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Reserve general suspected of organ trafficking
Six arrested in organ-trafficking scandal after donors complain they were not paid for their kidneys

Police have uncovered a large organ-trafficking ring that made its members millions, a court cleared for publication Wednesday.

 

Six suspects have been arrested, among them a 62-year old Brigadier-General (res.) Meir Zamir from Rishon Letzion, who received a medal of valor for the Yom Kippur War, and two attorneys.

 

According to the police, the ring members advertised online offering people waiting for years for a kidney transplant an alternate solution, for the price of $140,000.

 

Other online ads made offers of $10,000 for kidneys. To those who remained hesitant, the suspects allegedly offered up to $100,000. However the donors were never paid.

 

Police were given their first clue when a 50-year old woman from Nazareth issued a complaint saying she had donated a kidney due to financial difficulties, for which she expected to receive $100,000. She said she was called in to undergo a series of tests and then flown to Azerbaijan with another donor, where she was relieved of her kidney.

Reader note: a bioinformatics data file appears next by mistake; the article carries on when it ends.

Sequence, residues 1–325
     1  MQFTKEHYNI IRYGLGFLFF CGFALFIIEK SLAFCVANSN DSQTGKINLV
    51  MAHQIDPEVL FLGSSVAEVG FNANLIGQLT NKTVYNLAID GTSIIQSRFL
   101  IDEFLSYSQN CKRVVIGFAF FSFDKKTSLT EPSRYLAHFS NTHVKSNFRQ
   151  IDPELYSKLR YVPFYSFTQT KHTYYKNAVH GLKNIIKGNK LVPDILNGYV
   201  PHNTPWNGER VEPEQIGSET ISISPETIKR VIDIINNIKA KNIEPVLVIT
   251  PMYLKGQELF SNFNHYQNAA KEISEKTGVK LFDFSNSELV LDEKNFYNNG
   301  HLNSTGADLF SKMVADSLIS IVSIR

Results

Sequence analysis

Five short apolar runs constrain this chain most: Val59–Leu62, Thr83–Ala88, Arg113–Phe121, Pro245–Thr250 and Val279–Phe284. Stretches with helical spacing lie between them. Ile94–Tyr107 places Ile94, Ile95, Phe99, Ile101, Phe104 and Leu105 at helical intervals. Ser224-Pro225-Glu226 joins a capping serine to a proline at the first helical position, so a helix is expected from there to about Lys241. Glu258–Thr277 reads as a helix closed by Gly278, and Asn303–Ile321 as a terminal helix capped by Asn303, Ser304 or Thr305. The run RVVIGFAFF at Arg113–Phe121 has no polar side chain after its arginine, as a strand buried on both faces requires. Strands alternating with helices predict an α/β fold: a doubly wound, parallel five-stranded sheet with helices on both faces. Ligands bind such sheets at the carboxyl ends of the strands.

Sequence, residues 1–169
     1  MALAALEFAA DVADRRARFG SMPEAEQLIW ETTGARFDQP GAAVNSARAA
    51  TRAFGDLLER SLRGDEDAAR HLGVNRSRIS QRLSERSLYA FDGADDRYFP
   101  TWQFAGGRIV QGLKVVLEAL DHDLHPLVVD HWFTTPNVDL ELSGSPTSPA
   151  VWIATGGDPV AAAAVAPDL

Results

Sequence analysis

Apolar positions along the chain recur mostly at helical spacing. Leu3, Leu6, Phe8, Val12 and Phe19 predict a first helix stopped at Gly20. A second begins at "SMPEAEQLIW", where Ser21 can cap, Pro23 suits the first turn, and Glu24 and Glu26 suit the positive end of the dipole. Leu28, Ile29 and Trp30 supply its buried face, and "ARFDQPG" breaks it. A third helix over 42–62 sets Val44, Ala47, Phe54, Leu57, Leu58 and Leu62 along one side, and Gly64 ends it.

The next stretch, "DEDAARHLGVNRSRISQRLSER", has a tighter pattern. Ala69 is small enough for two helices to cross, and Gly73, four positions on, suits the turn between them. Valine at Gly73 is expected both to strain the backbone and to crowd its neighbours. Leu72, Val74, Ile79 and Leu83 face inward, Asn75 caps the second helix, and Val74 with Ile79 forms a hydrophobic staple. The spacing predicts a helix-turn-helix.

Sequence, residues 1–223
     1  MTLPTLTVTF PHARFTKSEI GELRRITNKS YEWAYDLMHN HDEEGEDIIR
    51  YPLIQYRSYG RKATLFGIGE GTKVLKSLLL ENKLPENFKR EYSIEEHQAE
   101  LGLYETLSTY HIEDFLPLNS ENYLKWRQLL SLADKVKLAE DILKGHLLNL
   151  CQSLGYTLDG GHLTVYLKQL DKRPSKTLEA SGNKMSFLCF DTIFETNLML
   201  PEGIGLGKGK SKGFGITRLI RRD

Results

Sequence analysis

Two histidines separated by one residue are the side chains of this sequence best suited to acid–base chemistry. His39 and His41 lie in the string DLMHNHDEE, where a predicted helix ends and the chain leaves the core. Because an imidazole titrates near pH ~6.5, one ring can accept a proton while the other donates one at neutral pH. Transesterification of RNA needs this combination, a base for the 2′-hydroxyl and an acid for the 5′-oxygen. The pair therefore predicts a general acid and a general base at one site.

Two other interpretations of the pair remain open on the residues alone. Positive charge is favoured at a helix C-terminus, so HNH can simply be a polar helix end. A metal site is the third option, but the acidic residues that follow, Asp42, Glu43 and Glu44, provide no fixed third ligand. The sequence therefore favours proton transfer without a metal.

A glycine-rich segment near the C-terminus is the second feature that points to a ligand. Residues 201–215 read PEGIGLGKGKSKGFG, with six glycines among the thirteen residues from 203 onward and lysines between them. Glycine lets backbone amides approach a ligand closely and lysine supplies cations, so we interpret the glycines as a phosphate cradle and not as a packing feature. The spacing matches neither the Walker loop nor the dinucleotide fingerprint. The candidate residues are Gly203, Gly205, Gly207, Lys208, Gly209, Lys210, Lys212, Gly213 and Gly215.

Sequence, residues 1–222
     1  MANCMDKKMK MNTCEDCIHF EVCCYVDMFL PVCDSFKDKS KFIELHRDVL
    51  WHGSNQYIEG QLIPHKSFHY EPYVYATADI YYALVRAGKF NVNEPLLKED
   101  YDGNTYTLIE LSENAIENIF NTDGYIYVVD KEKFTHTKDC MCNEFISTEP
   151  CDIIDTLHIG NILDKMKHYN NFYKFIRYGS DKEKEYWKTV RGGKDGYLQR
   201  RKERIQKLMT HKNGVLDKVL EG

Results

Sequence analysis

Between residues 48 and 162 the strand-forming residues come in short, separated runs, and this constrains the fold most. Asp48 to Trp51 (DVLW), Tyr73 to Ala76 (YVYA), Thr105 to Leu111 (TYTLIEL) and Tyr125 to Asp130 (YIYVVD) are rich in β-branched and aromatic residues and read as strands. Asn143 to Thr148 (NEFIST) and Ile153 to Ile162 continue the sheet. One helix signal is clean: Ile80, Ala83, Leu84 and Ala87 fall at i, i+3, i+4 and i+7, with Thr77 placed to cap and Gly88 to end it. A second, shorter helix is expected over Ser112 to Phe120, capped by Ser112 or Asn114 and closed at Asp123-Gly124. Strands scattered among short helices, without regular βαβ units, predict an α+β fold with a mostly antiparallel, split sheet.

Upon returning to Israel, she said, she asked those who had sent her for the money but never received it. Police launched an investigation and meanwhile received another complaint, this time from an 18-year old boy. He said he was promised $80,000 and flown to the Philippines to donate his kidney.

 

Superintendant Aharon Galor told Ynet, "We ran an undercover investigation and were shocked by the proportions of this. Despite the few complaints we received, we learned that there are many people willing to sell a kidney for just $10,000. These are people who have severe financial difficulties, for whom such a sum is a dream come true."

 

Police say members of the ring also hid all medical reports after the transactions were completed, which made it difficult for the donors to receive accurate medical attention when afterwards they felt ill from the surgery.

 

"Sometimes there were even tragic consequences, when people went abroad healthy and returned to Israel sick and without the money," Galor said.

 

The two attorneys involved in the case are also suspected of forging rubber stamps in order to issue false affidavits saying the donor and the receiver were relatives.

 

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